LZ77 is about referencing strings back in the decompressing buffer by their lengths and distances from the current position. But it is left to you how do you encode these back-references. Many implementations of LZ77 do it in different ways.
But you are right that there must be some way to distinguish "literals" (uncompressed pieces of data meant to be copied "as is" from the input to the output) from "back-references" (which are copied from already uncompressed portion).
One way to do it is reserving some characters as "special" (so called "escape sequences"). You can do it the way you did it, that is, by using
< to mark the start of a back-reference. But then you also need a way to output
< if it is a literal. You can do it, for example, by establishing that when after
< there's another
<, then it means a literal, and you just output one
<. Or, you can establish that if after
< there's immediately
>, with nothing in between, then that's not a back-reference, so you just output
It also wouldn't be the most efficient way to encode those back-references, because it uses several bytes to encode a back-reference, so it will become efficient only for referencing strings longer than those several bytes. For shorter back-references it will inflate the data instead of compressing them, unless you establish that matches shorter than several bytes are being left as is, instead of generating back-references. But again, this means lower compression gains.
If you compress only plain old ASCII texts, you can employ a better encoding scheme, because ASCII uses just 7 out of 8 bits in a byte. So you can use the highest bit to signal a back-reference, and then use the remaining 7 bits as length, and the very next byte (or two) as back-reference's distance. This way you can always tell for sure whether the next byte is a literal ASCII character or a back-reference, by checking its highest bit. If it is 0, just output the character as is. If it is 1, use the following 7 bits as length, and read up the next 2 bytes to use it as distance. This way every back-reference takes 3 bytes, so you can efficiently compress text files with repeating sequences of more than 3 characters long.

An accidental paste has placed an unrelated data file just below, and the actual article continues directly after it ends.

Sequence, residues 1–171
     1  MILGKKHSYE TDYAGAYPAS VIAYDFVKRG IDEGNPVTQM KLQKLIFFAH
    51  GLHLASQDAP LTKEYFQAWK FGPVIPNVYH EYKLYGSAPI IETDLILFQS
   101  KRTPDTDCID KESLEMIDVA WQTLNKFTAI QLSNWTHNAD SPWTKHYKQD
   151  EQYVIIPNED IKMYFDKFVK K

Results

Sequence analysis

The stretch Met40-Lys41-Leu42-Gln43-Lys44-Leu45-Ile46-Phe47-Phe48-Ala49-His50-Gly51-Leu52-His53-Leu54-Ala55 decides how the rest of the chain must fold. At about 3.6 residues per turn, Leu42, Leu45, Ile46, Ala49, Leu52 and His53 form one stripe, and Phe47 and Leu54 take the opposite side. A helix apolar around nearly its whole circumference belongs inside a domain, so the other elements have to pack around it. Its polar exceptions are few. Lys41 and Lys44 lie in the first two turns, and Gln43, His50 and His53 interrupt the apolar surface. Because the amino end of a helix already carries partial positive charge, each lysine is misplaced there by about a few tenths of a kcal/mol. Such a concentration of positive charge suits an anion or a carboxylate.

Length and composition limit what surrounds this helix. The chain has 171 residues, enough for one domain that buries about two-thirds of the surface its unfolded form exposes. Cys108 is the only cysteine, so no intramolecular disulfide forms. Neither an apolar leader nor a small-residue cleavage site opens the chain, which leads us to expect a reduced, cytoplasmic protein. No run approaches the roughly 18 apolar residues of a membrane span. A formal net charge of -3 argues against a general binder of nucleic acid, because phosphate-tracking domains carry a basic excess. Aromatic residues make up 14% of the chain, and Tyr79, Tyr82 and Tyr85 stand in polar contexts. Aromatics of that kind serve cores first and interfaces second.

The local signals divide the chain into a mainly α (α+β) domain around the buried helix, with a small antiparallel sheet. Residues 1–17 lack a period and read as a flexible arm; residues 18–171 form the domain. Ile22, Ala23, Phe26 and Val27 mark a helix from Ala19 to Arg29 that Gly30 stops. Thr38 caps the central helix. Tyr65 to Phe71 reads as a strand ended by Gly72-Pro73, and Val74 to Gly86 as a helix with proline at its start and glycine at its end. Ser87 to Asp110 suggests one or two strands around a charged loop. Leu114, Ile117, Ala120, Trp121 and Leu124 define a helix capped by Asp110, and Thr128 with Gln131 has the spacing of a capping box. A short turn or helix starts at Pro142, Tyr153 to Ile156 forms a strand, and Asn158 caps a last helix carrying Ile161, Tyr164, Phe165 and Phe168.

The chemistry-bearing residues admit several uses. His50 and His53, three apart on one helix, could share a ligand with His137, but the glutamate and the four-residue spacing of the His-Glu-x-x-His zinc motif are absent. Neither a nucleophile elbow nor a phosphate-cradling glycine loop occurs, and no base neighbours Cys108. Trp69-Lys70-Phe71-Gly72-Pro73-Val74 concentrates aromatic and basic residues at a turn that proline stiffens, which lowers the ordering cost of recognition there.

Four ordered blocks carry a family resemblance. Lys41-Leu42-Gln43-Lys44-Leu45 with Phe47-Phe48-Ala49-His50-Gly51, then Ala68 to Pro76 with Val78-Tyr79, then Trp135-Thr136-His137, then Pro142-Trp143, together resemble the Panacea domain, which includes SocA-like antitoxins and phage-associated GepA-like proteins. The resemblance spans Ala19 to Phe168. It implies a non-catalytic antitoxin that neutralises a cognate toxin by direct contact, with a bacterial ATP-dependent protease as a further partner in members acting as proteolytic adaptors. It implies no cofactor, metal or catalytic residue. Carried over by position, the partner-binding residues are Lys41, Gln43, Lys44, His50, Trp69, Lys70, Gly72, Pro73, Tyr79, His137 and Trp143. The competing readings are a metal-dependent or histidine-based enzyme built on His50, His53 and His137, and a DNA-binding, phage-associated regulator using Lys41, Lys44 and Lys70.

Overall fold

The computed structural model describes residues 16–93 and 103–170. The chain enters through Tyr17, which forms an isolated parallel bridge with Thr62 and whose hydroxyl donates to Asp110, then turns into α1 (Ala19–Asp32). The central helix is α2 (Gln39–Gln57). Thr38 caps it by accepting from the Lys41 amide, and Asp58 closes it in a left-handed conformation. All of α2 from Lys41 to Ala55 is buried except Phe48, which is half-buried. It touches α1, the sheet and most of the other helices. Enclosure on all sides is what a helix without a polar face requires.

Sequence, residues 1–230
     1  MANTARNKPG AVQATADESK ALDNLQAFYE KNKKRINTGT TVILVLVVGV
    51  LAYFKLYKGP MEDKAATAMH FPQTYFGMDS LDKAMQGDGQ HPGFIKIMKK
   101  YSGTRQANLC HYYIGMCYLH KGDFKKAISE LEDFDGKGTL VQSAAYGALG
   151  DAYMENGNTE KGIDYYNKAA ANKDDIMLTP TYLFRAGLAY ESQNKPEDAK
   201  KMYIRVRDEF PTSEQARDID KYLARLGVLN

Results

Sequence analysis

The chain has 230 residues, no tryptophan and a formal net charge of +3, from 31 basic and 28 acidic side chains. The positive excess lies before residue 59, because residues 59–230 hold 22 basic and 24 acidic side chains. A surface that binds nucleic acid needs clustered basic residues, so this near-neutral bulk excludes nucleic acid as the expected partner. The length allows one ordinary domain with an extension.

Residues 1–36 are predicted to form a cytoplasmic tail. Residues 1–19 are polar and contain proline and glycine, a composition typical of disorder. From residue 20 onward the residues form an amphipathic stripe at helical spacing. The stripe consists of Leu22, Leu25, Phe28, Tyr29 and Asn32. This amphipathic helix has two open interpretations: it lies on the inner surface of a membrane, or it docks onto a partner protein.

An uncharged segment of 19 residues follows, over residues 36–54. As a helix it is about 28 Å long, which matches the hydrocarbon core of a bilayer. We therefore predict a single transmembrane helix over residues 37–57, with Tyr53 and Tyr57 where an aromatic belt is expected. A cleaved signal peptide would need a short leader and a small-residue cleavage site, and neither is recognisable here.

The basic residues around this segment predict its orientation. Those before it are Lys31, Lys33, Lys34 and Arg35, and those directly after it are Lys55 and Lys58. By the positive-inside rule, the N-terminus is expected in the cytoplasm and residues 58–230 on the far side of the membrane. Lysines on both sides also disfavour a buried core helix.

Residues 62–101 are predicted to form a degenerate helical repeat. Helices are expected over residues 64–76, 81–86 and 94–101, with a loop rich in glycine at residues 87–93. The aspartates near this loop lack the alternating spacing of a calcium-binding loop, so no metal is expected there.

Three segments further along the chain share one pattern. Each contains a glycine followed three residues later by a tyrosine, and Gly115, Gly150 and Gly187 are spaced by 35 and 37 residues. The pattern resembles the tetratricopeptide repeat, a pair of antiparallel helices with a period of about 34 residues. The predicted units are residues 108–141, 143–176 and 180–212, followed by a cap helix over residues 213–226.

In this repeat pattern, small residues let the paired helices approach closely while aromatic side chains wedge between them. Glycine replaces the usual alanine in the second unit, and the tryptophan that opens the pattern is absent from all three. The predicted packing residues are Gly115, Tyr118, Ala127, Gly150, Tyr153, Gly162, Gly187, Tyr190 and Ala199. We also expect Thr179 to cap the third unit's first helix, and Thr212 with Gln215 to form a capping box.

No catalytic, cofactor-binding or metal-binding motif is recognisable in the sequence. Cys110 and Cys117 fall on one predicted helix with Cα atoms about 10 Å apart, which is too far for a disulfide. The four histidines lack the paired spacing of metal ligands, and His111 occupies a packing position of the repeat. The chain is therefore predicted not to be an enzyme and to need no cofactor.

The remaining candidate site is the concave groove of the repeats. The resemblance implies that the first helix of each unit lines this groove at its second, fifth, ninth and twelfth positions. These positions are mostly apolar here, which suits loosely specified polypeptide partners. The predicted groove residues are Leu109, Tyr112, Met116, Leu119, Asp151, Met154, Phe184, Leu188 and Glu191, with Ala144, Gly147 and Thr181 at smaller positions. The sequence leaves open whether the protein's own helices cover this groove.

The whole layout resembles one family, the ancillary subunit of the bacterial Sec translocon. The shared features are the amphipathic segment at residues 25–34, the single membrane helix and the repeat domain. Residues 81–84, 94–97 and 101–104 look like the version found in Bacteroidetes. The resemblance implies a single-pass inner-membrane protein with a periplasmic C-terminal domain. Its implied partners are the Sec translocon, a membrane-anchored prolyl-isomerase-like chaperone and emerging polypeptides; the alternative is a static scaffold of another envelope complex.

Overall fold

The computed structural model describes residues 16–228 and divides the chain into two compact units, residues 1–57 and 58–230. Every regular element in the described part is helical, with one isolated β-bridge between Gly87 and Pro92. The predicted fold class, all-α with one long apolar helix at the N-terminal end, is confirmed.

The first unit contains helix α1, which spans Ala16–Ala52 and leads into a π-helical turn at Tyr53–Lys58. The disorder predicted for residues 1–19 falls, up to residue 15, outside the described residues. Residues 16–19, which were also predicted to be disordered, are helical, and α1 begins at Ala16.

But there's a still better way to do this, which gives even more compression: you can replace your characters with bit codes of variable lengths, crafted in such a way that the characters appearing more often would have shortest codes, and those which are rare would have longer codes. To achieve that, these codes have to be so-called "prefix codes", so that no code would be a prefix of some other code. When your codes have this property, you can always distinguish them by reading these bits in sequence until you decode some of them. Then you can be sure that you won't get any other valid item by reading more bits. The next bit always starts another new sequence. To produce such codes, you need to use Huffman trees. You can then join all your bytes and different lengths of references into one such tree and generate distinct bit codes for them, depending on their frequency. When you try to decode them, you just read the bits until you reach the code of some of these elements, and then you know for sure whether it is a code of some literal character or a code for back-reference's length. In the second case, you then read some additional bits for the distance of the back-reference (also encoded with a prefix code). This is what DEFLATE compression scheme does. But this is whole another story, and you will find the details in the RFC supplied by @MarkAdler.